The Ötztal cycling marathon is legendary. I heard about it for the first time in 2012. During my first cycling holiday on Mallorca, I rode together in a group with riders who had finished the Ötztal last year. I was highly impressed by the Ötztaler’s figures: 238 kilometres and 5500 metres of altitude difference. In my then second season on the bike, it was almost unimaginable for me to ever be able to cover such a distance in a single day. At that time I never dreamed of being a finisher of this amazing marathon myself. In 2015 I decided that I wanted to fish the Ötztal bike marathon once in my life and in February 2016 I registered for the draw for a starting place. Like most of the participants, I was not lucky enough to draw lots. An acquaintance, however, could not participate and offered his starting place in the e-mail distribution list of our cycling group for transmission. I answered immediately without hesitation and from then on I was told: I have a dream.
In August 2016 it was then so far. Friday before the race we went to Sölden. It was incredible what was going on in Sölden. The tranquil little place was bursting at the seams. It was a great atmosphere. Where you looked: cyclists everywhere. A bombing atmosphere. The weather was perfect this weekend: sunny and warm in summer. In the morning we completed the formalities, such as picking up the starting documents and handing in the “material” bags. The latter is a special feature of the Ötztal cycle marathon. On the day before the race, you can put things like clothes or bars in a bag provided for this purpose and have it deposited at a refreshment station of your choice in order to pick it up at the race or fill it with things you no longer need. We decided to go to the refreshment station at the Brenner to exchange the warmer clothes for cooler ones and pack new gels and bars. Gels were not offered at the food stations during the 2016 race. In the afternoon there was a short lap with the bike and afterwards we prepared everything for the race. In the evening we went to the driver’s briefing.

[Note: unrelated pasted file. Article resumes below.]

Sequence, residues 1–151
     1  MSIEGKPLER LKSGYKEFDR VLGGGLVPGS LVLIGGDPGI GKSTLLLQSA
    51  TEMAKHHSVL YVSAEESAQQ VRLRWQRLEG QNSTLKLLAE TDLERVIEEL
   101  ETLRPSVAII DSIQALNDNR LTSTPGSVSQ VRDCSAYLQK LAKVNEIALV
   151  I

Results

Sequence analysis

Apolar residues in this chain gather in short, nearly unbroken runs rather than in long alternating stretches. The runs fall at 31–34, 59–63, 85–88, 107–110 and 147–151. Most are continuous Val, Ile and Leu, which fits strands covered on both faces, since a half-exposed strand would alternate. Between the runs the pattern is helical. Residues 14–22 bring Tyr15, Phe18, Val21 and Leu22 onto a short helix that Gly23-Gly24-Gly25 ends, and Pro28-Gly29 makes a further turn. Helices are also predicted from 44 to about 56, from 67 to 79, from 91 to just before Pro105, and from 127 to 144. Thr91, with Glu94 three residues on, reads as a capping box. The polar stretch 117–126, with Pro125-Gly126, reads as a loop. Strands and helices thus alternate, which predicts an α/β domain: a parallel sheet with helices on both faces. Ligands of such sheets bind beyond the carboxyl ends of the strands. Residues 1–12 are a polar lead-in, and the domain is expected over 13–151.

On race day we got out of bed early and went to the hotel for breakfast. There we met our future fellow sufferers. Afterwards we found ourselves at the start with a thousand other drivers. The crowd of drivers accumulated along the main road until the ascent to the end of the village towards Timmelsjoch begins. After the starting signal it took a long time until the movement also arrived at the back of the field. After Ötz down the drivers were still quite crowded and it happened some crashes. Some of them accelerated as if the finish line could be reached in just a few kilometres. In a rested state it easily happens that one does not take the effort and shoots his powder already at the beginning or at least decimates it. It became clear to me on the descent when I looked at my power meter. My watts were clearly too high and I immediately reduced my speed. Arrived at the foot of the Kühtai, there was a real traffic jam. Not only because it went now uphill, but above all because many participants took off warmer garments and stood thereby directly at the roadside and narrowed so the roadway. I had decided to drive my pace and not be carried away by others. I wanted “only” to finish. My time was all the same to me. I drove on the first ascent extremely right and was nevertheless afraid that someone rides me from the bicycle. It was unbelievable what a banging and stabbing it was like. The people pushed themselves millimeterknapp past each other. Feeling all tried to overtake somehow all the others. The absolute insanity. I fixed myself on my mud flats and drove the Kühtai further uphill. I was almost exclusively overtaken and at some point I had the feeling that I had to be the last one. I looked around in the hairpin bends again and again to see whether there were still people behind me or whether everyone had already left me behind. But there were really hundreds of drivers under me. Arrived at the top, I filled my bottles at the Labe and went into the descent. The descent from Kühtai is fast and a lot of drivers were visibly insecure.